The “security frontier” has moved from firewalls and anti-virus to IM and VoIP security. However, convincing people and organizations to implement effective security measures has not become easier, so we must ask ourselves:
Is security worth it?
First, let’s look at how vendors attempt to sell security. There is usually some FUD factor involved. Years ago it was pretty blunt, concentrating on web defacements and Denial of Service takedowns “the hackers are coming”. Now, sleek statistics from reputable firms or institutions are used, so the language has also become more grown up: “organizations should secure,”, “we must ensure that every piece of critical information in a company is appropriately secured”, etc. The problem with these approaches is that the need for security is not personalized enough to trigger a buying decision.
Security as insurance does not work really well because either people can see through FUD and dismiss it as a cheap sales ploy, or because the potential consequences of a lapse in security are not immediately clear. The issue is quantification. You or your firm may not care much that “virus attacks have increased by X% in the last 12 months”, but you may pay more heed if the warning was specific to your industry: “virus attacks against XYZ systems running ABC applications have increased against ACME-industry institutions”.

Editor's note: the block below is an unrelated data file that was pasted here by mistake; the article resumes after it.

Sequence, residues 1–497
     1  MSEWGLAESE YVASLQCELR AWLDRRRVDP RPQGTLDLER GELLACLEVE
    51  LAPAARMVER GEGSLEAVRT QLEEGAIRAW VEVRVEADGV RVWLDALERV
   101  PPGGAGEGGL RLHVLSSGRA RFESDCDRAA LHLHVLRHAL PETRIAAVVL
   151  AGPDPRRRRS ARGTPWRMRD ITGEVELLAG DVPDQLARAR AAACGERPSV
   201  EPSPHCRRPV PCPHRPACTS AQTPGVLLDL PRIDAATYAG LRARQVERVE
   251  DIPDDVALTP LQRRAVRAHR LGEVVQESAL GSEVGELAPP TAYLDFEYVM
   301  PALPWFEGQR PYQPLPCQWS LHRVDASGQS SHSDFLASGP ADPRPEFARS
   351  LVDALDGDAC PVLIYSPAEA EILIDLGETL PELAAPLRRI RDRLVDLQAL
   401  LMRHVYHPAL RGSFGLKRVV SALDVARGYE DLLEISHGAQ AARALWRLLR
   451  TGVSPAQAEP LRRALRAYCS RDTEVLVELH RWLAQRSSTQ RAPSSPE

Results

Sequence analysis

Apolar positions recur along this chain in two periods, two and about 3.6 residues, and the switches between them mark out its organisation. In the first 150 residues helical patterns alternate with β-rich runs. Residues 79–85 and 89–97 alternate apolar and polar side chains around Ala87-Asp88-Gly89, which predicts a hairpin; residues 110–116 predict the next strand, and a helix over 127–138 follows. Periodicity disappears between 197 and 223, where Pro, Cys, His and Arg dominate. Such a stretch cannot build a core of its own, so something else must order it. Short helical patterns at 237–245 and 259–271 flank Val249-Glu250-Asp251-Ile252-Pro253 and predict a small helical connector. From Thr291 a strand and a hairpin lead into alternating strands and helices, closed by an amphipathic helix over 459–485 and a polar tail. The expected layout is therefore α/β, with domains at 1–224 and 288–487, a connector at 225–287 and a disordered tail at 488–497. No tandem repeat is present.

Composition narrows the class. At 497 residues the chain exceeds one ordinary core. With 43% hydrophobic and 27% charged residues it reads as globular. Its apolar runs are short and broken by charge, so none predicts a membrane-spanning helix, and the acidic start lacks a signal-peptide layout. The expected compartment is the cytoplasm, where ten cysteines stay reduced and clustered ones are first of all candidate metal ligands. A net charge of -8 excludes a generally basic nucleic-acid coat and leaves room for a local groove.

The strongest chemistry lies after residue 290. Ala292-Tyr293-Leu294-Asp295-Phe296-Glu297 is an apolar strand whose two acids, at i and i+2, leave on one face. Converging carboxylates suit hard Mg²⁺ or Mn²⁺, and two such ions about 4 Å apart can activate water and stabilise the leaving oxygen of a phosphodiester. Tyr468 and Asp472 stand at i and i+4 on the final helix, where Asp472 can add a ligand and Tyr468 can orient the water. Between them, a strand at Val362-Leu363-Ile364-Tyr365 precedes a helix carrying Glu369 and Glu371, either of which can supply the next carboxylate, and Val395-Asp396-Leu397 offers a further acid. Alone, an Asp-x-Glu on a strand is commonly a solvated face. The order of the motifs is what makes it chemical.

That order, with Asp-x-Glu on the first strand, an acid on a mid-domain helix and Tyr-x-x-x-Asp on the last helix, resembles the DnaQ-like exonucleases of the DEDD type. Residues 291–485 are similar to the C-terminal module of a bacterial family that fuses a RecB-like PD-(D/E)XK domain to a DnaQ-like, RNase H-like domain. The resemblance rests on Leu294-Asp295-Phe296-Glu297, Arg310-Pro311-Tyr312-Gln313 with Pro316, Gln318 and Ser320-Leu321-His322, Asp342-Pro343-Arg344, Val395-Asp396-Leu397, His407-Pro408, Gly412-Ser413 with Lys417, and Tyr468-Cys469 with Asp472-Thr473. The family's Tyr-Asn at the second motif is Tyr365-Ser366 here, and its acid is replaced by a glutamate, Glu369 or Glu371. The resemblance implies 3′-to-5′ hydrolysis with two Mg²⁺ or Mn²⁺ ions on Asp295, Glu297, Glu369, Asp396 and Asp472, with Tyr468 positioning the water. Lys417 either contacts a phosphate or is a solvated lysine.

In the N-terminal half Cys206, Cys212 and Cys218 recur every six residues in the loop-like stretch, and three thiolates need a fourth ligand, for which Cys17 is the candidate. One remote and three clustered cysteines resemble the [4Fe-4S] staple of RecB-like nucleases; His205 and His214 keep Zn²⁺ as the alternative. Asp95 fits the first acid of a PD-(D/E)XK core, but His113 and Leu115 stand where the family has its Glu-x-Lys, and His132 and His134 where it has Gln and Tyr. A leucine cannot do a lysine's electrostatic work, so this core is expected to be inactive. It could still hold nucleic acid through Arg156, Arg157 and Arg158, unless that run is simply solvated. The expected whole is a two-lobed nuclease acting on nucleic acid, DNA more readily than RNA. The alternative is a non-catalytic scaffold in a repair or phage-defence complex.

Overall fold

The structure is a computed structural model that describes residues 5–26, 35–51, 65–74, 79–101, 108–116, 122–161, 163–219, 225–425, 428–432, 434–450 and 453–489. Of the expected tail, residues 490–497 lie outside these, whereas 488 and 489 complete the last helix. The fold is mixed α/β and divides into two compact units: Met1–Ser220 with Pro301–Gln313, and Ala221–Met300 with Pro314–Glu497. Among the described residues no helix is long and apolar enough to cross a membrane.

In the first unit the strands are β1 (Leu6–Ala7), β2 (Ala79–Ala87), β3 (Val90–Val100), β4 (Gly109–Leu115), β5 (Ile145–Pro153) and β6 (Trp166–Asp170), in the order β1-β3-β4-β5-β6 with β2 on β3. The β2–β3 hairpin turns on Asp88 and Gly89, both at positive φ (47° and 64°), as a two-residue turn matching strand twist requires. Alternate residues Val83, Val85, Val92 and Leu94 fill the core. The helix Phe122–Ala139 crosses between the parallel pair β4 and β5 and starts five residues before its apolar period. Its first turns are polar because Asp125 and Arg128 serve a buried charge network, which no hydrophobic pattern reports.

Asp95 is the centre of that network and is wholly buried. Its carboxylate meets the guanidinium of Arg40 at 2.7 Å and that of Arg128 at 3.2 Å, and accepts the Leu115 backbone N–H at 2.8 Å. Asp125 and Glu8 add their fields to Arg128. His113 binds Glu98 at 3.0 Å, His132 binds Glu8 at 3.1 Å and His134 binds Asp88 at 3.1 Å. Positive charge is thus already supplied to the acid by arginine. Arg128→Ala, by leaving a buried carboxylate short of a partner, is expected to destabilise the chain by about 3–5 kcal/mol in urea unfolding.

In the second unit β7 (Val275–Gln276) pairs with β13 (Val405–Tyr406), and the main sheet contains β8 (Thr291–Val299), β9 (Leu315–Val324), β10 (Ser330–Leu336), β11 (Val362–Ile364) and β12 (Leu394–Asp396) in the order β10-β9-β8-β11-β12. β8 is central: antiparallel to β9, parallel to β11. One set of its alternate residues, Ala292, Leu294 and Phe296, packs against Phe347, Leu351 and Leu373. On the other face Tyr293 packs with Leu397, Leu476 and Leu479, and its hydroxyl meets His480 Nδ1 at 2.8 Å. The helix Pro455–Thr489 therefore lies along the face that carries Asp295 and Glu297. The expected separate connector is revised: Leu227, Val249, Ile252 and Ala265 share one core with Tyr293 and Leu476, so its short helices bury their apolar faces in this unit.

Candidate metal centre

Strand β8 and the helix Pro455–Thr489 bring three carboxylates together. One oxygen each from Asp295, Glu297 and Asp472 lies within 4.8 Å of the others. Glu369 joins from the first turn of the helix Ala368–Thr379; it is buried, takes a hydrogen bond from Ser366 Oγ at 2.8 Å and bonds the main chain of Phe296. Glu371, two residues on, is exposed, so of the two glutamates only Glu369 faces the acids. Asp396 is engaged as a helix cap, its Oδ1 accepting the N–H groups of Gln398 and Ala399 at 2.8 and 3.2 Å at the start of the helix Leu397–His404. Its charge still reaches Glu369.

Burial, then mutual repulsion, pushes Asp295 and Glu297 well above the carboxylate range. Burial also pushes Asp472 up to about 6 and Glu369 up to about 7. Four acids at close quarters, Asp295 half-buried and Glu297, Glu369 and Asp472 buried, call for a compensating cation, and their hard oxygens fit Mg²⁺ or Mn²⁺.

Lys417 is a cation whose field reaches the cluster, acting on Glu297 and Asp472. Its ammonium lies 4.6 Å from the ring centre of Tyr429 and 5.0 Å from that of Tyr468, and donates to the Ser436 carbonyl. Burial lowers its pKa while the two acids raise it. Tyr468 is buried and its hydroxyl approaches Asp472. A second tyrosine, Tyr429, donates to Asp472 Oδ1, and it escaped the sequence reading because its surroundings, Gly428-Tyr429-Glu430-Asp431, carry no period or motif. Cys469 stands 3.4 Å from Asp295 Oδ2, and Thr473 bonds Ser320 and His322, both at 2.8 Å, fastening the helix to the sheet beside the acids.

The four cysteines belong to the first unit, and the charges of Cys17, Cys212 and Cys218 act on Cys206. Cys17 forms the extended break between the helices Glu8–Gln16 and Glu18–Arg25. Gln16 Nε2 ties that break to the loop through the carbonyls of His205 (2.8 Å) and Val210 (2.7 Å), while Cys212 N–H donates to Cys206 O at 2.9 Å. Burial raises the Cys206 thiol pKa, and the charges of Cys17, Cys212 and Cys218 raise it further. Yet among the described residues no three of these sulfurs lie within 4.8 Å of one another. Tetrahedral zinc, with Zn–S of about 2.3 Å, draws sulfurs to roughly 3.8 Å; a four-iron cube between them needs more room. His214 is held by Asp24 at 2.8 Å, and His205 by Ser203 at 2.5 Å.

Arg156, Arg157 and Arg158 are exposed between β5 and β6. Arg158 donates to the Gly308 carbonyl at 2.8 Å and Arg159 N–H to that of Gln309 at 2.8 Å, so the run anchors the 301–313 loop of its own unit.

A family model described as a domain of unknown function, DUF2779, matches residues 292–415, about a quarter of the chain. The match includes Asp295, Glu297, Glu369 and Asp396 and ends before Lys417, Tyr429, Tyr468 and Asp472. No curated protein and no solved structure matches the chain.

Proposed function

It is of course, easier to sell any type of insurance or advisory services in regulated industries: housing or car insurance, financial services, health care, government. One only has to look at laws like Data Protection Act, HIPAA (US) and Sarbanes-Oxley to see how these created new business opportunities for consulting firms in may countries. However, for the security practitioner catering for a diverse clientele, another class of arguments must be found, in order to successfully convince clients to buy security services and products.
Fear vs. Economics
The problem with using Fear to sell security is that it is subject to the stroboscopic light effect: you get used to it, you may not realize when it really is bad and you could collapse under it not knowing why. Fear also works if you are naturally risk averse. But, it doesn’t work if you’ve never experienced the touted bad consequences or, if you are not risk averse.
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